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Girl, 8, wows with words




The purpose of the conference is to inspire youngsters to read, and write. The more you read, the better you will write, the experts say.

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The purpose of the conference is to inspire youngsters to read, and write. The more you read, the better you will write, the experts say.

What about those who already know they want to be an author when they grow up?

Then, the Young Readers Conference at Fort Hays State University can motivate them to work even harder.

That's the case for Kylee Richardson from Russell, who at 8 years old is bound and determined she will be an author when she grows up.

"The two things I have always wanted to do is to be an author and an artist," Kylee said.

The third-grader from Bickerdyke Elementary School certainly has gotten off to an impressive start. And some would say she already is an author.

Kylee not only beat out other third-graders but fourth- and fifth-graders as well in a pre-conference writing contest.

The winners were chosen to introduce the two keynote speakers at Friday's Young Readers Conference in Sheridan Hall's Beach/Schmidt Performing Arts Center.

Colton Whitney, a third-grader from Logan, was chosen to introduce the luncheon speaker, Mike Artell from Louisiana, a storyteller, musician and author-illustrator of children's books.

Kylee found out Monday she would be introducing the morning's keynote speaker.

A few days later, Kylee wowed the nearly 350 students and 75 sponsors with her colorful introduction of Gary Hogg from Utah, a well-known author of children's books.

Best yet, she won over Hogg himself.

"That was the best ever," Hogg said as he crossed the stage at Beach/Schmidt and handed Kylee one of his autographed books.

"I've been introduced thousands of times, and that's my favorite," said Hogg, who travels the country presenting reading and writing workshops at schools and conferences.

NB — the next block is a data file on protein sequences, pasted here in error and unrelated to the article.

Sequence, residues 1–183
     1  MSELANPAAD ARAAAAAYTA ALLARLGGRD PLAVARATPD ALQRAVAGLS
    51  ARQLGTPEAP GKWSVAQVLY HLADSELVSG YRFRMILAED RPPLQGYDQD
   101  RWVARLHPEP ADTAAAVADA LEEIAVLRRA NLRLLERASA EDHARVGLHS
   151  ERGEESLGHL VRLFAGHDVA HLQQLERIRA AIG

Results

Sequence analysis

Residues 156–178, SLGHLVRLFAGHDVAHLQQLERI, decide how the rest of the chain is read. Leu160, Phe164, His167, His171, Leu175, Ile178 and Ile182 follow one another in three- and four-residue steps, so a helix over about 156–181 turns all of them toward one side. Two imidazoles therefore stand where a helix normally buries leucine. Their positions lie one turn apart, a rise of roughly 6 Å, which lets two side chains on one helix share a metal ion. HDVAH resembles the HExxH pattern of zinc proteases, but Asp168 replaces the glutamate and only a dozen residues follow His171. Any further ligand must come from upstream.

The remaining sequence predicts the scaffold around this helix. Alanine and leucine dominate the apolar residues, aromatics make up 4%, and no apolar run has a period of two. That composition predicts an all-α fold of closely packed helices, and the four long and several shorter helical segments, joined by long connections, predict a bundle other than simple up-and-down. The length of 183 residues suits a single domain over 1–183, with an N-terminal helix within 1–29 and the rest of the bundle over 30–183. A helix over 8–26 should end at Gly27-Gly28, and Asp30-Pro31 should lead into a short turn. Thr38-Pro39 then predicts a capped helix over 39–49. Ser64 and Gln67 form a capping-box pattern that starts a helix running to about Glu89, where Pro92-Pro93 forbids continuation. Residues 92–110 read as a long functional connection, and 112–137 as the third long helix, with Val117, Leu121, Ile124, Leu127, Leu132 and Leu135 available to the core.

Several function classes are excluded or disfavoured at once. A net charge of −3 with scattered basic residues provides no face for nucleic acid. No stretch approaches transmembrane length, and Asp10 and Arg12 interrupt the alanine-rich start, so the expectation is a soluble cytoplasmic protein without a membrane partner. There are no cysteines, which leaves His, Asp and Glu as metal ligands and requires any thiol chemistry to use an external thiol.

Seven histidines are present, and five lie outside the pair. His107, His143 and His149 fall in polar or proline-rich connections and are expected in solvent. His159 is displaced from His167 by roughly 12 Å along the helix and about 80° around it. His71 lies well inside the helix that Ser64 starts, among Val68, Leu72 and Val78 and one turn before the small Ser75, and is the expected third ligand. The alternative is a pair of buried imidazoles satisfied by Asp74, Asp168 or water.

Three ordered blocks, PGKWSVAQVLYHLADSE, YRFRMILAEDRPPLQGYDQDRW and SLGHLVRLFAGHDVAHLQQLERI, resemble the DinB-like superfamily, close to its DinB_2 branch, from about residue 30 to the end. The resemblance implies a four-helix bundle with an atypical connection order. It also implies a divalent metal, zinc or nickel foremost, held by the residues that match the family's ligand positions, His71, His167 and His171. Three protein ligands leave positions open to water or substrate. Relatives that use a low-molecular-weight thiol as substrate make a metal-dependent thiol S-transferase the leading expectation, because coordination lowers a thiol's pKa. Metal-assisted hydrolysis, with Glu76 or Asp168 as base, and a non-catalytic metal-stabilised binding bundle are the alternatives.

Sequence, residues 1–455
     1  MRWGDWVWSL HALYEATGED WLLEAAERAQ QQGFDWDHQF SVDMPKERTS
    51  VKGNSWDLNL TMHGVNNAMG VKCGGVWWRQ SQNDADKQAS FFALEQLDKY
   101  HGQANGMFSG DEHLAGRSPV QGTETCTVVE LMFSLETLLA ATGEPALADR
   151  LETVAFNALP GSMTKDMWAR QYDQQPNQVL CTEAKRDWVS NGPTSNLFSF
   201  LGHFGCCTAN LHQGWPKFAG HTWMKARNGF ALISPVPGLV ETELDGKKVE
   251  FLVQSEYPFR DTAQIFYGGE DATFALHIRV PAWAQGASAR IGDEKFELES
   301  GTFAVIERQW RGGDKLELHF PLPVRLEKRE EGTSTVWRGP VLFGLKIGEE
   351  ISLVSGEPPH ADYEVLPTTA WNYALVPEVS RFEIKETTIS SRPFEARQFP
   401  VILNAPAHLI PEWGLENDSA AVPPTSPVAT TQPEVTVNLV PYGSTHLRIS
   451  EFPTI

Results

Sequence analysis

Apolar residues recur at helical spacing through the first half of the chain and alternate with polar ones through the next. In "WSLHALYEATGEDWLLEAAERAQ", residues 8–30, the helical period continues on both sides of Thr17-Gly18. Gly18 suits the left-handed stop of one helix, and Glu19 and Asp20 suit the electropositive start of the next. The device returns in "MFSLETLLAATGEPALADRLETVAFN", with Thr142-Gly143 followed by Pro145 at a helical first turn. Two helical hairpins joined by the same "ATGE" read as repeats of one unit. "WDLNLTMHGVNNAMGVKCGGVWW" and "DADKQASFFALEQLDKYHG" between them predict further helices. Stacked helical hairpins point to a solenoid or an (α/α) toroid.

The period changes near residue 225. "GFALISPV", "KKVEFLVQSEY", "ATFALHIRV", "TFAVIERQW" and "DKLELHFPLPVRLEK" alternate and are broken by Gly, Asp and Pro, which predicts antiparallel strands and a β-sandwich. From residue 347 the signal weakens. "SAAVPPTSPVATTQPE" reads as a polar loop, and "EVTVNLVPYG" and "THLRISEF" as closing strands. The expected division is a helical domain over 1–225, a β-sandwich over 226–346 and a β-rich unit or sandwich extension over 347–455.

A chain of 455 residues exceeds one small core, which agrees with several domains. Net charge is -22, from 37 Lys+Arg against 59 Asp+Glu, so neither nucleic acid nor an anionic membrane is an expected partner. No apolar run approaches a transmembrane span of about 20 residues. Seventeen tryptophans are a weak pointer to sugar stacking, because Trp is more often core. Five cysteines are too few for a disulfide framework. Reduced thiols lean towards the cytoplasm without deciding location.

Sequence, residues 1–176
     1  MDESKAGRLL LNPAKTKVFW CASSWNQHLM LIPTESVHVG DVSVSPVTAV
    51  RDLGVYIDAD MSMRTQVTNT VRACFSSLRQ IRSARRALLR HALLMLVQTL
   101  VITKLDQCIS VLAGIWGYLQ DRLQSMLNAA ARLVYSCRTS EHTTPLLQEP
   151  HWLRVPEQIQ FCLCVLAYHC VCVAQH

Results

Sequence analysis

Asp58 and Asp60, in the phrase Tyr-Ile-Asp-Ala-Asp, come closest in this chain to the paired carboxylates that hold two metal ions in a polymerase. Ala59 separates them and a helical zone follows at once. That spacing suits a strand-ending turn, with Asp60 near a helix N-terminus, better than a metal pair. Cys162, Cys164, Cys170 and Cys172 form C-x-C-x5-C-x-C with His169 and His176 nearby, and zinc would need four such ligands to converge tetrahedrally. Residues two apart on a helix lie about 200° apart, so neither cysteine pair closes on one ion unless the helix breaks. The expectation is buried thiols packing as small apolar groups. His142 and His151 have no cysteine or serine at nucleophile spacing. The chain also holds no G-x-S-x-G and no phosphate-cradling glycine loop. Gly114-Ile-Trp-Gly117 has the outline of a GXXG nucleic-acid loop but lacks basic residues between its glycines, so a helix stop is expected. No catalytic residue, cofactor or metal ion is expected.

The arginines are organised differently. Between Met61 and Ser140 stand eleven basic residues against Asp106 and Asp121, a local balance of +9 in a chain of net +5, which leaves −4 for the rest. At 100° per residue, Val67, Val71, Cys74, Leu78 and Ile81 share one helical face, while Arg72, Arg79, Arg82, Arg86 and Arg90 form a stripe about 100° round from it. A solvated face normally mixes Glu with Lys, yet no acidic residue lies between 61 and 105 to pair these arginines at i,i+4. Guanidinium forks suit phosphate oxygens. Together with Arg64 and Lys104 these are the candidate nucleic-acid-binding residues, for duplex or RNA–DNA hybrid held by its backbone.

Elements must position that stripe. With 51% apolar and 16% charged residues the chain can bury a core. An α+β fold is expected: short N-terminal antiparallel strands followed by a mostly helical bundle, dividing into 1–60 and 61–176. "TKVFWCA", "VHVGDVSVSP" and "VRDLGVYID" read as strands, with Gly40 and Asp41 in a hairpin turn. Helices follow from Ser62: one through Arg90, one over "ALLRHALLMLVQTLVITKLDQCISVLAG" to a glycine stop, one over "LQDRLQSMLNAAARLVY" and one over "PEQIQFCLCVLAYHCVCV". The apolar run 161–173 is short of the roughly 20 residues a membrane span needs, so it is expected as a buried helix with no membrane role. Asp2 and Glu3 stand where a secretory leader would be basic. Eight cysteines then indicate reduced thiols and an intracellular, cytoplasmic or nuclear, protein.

Hogg then went on to tell students that to be a writer whose work people want to read, one has to use details. He also told them they already have a "writing and reading expert" in their own classrooms -- their teachers.

"Do you notice lots of stuff I talk about your teachers talk about, too?" Hogg asked the audience. "When I was in elementary school, I had no idea my teachers were so smart."

Kylee's teacher did her homework, looking up Hogg's website to find some tidbits, one of those being use more descriptive words that he called 50-point words Friday. By comparison he called everyday-type words 10-pointers.

While writing her contest piece, Kylee had used funny in her rough draft as a description of one of Hogg's books. Teacher Patty Driscoll told Kylee that was a 10-point word and asked her budding author if she could think of a 50-point word for funny.

It didn't take Kylee long to come up with hilarious. Same thing for when Kylee described one of Hogg's books as "good."

"She came up with magnificent," Driscoll said. "I told her that was definitely a 50-point word."

Kylee and the 180-plus students from Russell were attending the conference, conducted every two years since 1990, for the first time, thanks to conference coordinator Beth Walizer.

Walizer, assistant professor in the teacher education department at FHSU, wrote a grant with the Russell Community Foundation that provided funds for the third-, fourth- and fifth-graders from Bickerdyke Elementary to attend.

Driscoll said while checking into information on the conference, she heard about the writing contest. She said she wouldn't even have thought of entering any of her students in the contest had it not been for a paper Kylee turned in earlier this semester.

Driscoll has a Pledge of Allegiance children's book that explains in detail the oral pledge, and she asked her students to write how they feel when they salute the flag and recite the Pledge of Allegiance.

Driscoll noticed some of her students hurried through the assignment, some turning in short answers and others with incomplete sentences.

But the longtime third-grade teacher was pleasantly surprised when she picked up Kylee's paper.

"My mouth dropped when I read it," Driscoll said. "There were complete sentences, and it was meaningful. Had I not done that exercise with the kids, I would not have known (Kylee) could write that well."

Kylee's mom knew.

"She's pretty creative, always has been," Patty Pennington said of her daughter. "She's always making books, pasting sheets of paper with stories on them together. When she gets excited about doing something, she really goes after it."